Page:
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Dollar shines, euro suffers

On Monday, the safe-haven US dollar traded near a 16-month high against the euro, reflecting growing concern about the impact of rising Covid-19 infections in Europe, with Austria reimposing a complete lockdown and Germany considering doing the same.

Since early October, the dollar was near its highest level against the riskier Australian and Canadian currencies. The commodity-linked coins were also under pressure from a drop in crude oil prices.

Bullish comments by Federal Reserve officials Richard Clarida and Christopher Waller bolstered the dollar on Friday. Given the economy’s rapid recovery and high inflation, he suggested that a faster pace of stimulus tapering might be appropriate.

An earlier end to tapering raises the prospect of earlier interest-rate increases. The market currently expects the Federal Open Market Committee (FOMC) to begin raising interest rates by the middle of next year. The dollar index, which compares the greenback to six major currencies, was trading at 96.065, close to last week’s 16-month high of 96.266.

The fourth wave of infections has triggered a national emergency in Germany, Europe’s largest economy, according to Health Minister Jens Spahn, who warns that vaccinations alone will not reduce case numbers. From Monday, Austria will be the first country in Western Europe to reimpose a complete Covid-19 lockdown.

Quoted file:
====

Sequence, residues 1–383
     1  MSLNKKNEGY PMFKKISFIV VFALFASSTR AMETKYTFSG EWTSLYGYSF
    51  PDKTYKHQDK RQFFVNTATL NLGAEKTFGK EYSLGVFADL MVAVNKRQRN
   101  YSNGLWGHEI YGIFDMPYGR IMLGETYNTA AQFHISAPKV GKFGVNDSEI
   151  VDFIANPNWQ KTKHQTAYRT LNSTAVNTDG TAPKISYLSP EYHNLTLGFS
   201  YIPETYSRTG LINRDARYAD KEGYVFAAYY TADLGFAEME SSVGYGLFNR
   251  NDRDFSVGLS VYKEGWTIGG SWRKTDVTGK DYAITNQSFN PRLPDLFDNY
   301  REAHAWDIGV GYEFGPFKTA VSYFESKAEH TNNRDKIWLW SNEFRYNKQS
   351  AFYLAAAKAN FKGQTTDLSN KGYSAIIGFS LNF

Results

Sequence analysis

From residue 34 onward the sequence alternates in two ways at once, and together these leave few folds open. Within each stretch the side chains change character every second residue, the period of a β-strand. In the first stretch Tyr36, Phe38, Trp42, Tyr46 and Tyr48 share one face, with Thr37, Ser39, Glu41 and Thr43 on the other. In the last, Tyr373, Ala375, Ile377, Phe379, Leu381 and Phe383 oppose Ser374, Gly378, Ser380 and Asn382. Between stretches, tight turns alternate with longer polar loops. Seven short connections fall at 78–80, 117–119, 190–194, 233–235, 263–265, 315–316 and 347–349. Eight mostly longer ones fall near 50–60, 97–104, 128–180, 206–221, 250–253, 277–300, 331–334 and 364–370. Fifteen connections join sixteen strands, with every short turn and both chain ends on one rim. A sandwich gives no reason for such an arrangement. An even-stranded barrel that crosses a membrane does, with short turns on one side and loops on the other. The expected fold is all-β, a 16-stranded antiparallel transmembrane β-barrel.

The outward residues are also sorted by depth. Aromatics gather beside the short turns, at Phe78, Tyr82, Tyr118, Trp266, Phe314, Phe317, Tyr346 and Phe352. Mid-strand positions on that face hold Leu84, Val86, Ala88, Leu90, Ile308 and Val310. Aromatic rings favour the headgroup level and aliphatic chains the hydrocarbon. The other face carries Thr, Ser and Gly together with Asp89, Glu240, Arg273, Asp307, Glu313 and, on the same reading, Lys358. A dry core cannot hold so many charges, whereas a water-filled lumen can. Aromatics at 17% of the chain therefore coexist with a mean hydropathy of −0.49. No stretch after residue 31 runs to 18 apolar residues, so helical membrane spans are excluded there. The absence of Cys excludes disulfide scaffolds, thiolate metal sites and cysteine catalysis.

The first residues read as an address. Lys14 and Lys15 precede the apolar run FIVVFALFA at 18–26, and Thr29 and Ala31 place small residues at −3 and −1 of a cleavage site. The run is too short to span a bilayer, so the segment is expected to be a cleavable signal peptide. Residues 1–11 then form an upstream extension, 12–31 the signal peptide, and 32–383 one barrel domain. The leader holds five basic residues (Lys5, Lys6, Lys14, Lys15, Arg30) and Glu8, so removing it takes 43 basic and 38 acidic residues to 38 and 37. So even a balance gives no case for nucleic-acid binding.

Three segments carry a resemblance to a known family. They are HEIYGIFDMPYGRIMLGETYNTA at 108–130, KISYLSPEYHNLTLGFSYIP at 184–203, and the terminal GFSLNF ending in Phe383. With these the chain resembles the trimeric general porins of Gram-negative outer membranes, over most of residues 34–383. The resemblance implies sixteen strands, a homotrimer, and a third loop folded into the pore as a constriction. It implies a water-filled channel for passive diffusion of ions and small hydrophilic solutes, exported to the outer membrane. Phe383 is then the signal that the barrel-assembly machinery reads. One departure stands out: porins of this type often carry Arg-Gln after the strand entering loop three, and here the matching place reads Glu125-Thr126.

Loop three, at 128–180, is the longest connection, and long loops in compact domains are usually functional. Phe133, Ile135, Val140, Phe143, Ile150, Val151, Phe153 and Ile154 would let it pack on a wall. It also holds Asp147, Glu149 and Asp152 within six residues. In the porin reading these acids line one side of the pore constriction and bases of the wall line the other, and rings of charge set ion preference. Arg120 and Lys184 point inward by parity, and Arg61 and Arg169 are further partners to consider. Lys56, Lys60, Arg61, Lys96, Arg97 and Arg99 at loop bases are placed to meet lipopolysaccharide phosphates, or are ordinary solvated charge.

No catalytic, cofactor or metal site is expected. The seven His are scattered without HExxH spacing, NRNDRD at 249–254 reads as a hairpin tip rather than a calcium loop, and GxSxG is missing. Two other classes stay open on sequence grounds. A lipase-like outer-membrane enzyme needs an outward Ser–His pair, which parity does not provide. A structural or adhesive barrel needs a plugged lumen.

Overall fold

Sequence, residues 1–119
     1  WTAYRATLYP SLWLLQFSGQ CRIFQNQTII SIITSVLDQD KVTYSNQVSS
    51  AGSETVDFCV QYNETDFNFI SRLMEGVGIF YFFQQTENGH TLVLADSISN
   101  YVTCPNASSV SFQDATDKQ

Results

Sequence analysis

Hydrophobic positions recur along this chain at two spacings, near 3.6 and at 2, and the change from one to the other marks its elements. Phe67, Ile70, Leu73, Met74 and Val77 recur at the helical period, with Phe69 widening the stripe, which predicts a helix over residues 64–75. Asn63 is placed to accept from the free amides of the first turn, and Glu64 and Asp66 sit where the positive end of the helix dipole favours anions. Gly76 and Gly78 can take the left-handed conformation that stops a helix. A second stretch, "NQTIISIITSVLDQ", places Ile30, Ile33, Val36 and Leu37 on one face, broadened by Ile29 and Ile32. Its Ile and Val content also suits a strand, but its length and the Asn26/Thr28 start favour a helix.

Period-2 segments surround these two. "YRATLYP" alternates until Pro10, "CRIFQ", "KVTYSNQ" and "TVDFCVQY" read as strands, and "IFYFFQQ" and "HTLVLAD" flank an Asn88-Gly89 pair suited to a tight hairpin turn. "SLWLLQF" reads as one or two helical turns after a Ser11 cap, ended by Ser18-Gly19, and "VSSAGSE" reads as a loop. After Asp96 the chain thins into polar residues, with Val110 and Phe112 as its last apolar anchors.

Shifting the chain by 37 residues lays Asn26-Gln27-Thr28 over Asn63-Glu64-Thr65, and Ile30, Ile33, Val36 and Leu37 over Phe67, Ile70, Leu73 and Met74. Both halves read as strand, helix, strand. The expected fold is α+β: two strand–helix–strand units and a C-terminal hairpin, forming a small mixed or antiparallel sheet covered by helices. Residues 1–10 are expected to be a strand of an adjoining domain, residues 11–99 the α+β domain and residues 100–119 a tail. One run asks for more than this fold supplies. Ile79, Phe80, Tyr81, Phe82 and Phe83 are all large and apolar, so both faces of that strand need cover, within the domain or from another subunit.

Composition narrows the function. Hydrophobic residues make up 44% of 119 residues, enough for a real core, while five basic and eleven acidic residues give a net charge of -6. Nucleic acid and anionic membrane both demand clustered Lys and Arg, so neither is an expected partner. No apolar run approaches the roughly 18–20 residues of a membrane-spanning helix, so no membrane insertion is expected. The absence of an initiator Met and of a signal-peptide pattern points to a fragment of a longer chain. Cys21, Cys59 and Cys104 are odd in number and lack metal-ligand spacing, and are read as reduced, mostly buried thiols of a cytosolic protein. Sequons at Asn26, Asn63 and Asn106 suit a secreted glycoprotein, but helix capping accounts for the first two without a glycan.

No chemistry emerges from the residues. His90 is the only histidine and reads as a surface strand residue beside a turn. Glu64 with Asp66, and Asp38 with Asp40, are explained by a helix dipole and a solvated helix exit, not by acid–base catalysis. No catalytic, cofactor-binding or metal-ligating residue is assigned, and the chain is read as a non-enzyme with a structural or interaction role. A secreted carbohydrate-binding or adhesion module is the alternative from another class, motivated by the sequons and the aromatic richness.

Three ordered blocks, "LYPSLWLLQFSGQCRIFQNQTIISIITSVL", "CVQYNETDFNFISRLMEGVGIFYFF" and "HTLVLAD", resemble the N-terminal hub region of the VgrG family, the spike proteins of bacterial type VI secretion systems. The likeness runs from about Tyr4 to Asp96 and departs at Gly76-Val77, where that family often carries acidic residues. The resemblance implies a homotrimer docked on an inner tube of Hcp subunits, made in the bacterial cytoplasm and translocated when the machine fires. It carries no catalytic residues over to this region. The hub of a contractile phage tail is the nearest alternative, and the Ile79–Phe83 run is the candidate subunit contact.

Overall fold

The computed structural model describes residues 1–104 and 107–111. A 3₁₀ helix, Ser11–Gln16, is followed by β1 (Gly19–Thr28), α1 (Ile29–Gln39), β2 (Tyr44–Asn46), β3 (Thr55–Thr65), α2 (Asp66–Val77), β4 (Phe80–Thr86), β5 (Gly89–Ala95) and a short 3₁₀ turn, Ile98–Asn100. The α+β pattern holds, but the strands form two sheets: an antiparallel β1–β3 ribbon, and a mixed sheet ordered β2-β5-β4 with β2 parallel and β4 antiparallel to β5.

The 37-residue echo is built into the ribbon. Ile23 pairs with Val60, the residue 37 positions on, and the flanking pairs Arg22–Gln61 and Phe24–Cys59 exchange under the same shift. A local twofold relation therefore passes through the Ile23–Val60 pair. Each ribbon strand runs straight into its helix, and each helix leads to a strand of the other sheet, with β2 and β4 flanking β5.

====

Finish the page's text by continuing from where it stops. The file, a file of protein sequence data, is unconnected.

Concerns that a European slowdown would reduce energy demand weighed on crude oil, also down on the prospect of a U.S.-led release of emergency stockpiles.

The dollar gained 0.21 percent against the oil-linked Canadian loonie, reaching C$1.26575, closing in on Friday’s high of C$1.2663, the highest level since Oct. 1.

The Australian dollar fell slightly to $0.7234 after falling as low as $0.72285, the lowest level since Oct. 6. The dollar was essentially unchanged against the yen, changing hands at 114.03 yen per dollar, roughly in the middle of its range over the previous week and a half.

Bitcoin was trading around 58,100 in cryptocurrency, consolidating after falling from an all-time high of 69,000 earlier this month.

The euro fell 0.23 percent to $1.1274, approaching its lowest level since July of last year at $1.1250, which it reached on Friday when it fell 0.66 percent. The EURUSD has been in free fall and will likely receive the lion’s share of attention from clients looking for a way to profit from Europe’s increasing restrictions and tensions.




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